apertured threaded driving means in said threaded bore,
said driving means having a front smooth face portion which abuts the rear face portion of said ferrule in order to force said ferrule axially to grip said orifice tube without significant rotation of said ferrule, said driving means further having an expanded head portion slightly smaller than said second larger cylindrical aperture;
said threaded driving means having a flat face which extends transversely of said aperture to provide an abutment for said conduit and said threaded driving means further having tool engaging surface means in said flat face for permitting turning of said driving means into said threaded bore.
References Cited by the Examiner UNITED STATES PATENTS 1,143,816 6/1915 Duffy 285382.7 X 1,580,558 4/1926 McLaine 138--44 2,182,811 12/1939 Kocher 285382.7 X 2,501,593 3/1950 Becker 13844 2,676,470 4/1954 Streitz 138-44 X 2,776,552 1/ 1957 Thomas 625 11 X 3,103,373 9/ 1963 Lennon et al 285342 FOREIGN PATENTS 554,522 7/ 1943 Great Britain.
LAVERNE D. GEIGER, Primary Examiner.
. C. L. HOUCK, Assistant Examiner.
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|Citing Patent||Filing date||Publication date||Applicant||Title|
|US3371537 *||Sep 16, 1965||Mar 5, 1968||William J. Kiene||Pressure indicator|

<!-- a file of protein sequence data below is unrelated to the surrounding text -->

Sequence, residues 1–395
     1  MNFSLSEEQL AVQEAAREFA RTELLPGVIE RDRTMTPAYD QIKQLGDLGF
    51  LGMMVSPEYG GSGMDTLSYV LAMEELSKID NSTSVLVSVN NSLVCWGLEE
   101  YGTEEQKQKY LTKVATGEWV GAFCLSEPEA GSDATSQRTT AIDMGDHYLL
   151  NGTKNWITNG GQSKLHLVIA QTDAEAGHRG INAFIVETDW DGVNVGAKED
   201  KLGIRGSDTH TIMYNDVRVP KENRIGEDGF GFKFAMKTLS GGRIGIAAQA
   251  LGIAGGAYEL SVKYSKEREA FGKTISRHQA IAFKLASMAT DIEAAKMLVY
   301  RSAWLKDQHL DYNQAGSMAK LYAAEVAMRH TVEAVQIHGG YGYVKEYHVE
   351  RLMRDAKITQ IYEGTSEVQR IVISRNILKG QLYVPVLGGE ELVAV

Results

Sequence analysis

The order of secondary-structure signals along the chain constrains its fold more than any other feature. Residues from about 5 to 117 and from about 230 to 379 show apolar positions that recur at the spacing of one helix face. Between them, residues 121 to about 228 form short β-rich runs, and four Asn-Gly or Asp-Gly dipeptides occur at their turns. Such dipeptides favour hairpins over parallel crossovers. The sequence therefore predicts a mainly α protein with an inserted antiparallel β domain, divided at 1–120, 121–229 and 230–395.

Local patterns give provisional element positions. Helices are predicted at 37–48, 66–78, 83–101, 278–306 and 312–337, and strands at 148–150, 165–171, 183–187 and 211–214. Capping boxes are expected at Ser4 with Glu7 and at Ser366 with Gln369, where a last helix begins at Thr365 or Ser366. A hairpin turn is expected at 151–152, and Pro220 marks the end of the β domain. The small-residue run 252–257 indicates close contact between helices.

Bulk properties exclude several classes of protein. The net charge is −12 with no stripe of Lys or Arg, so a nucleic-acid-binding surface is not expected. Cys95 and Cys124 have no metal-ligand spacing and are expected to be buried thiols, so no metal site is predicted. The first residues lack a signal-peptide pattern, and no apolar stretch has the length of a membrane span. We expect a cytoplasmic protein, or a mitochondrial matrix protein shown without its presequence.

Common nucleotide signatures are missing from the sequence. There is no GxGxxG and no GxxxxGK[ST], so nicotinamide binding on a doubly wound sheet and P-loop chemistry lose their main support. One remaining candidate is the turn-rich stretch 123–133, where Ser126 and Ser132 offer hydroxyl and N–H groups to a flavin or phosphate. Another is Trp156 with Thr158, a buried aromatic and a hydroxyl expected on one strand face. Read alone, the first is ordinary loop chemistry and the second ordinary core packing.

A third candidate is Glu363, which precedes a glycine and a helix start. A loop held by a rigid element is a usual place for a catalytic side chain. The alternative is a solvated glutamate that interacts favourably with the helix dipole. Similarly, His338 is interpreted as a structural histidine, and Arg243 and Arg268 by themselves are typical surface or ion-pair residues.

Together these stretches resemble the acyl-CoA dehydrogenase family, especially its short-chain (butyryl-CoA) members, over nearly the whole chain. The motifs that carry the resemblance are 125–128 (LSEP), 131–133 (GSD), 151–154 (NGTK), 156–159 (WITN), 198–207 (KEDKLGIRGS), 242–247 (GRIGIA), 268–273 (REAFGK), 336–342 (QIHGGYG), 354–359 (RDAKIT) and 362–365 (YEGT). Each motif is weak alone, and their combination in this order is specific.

|US3668822 *||Nov 16, 1970||Jun 13, 1972||Mannion Gerald F||Flow resistance equalizer for liquid circulation system|
|US3851530 *||Feb 9, 1973||Dec 3, 1974||Sybron Corp||Volumetric measuring system|
|US3853007 *||Feb 9, 1973||Dec 10, 1974||Sybron Corp||Volumetric measuring system|
|US3937029 *||Aug 28, 1974||Feb 10, 1976||Parker-Hannifin Corporation||Method and apparatus for charging air conditioners with refrigerant fluid|
|US3967489 *||May 15, 1975||Jul 6, 1976||General Electric Company||Method of forming constriction in tubing|
|US4272970 *||Feb 4, 1980||Jun 16, 1981||Hobbs James R||Compression refrigeration system|
|US4412431 *||Sep 29, 1981||Nov 1, 1983||Waldrep Henry D||Automotive air conditioner expansion tube unit|
|US4708176 *||Dec 7, 1984||Nov 24, 1987||Gerhard Esser||Riser for drawing off liquids|
|US5120336 *||Oct 24, 1991||Jun 9, 1992||Leblanc Thomas F||Flow constriction device in radiator steam trap|
|US5123452 *||Nov 21, 1990||Jun 23, 1992||Leblanc Thomas F||Flow constriction device for removal of condensate|
|US6219856 *||Apr 20, 1994||Apr 24, 2001||Wilmer F. Alles||Flow restrictor for water closet refill tube|
|US6397616 *||Apr 5, 2001||Jun 4, 2002||Denso Corporation||Pressure reducer and refrigerating cycle unit using the same|
|US7735550 *||Aug 3, 2007||Jun 15, 2010||Cpc Corporation||Throttle unit for dump bailer and method of blocking a water out zone in a production well utilizing the same|
|U.S. Classification||138/44, 62/511|
|International Classification||F16L55/02, F16L39/00, F16L55/027|
|Cooperative Classification||F16L39/00, F16L55/027|
|European Classification||F16L39/00, F16L55/027|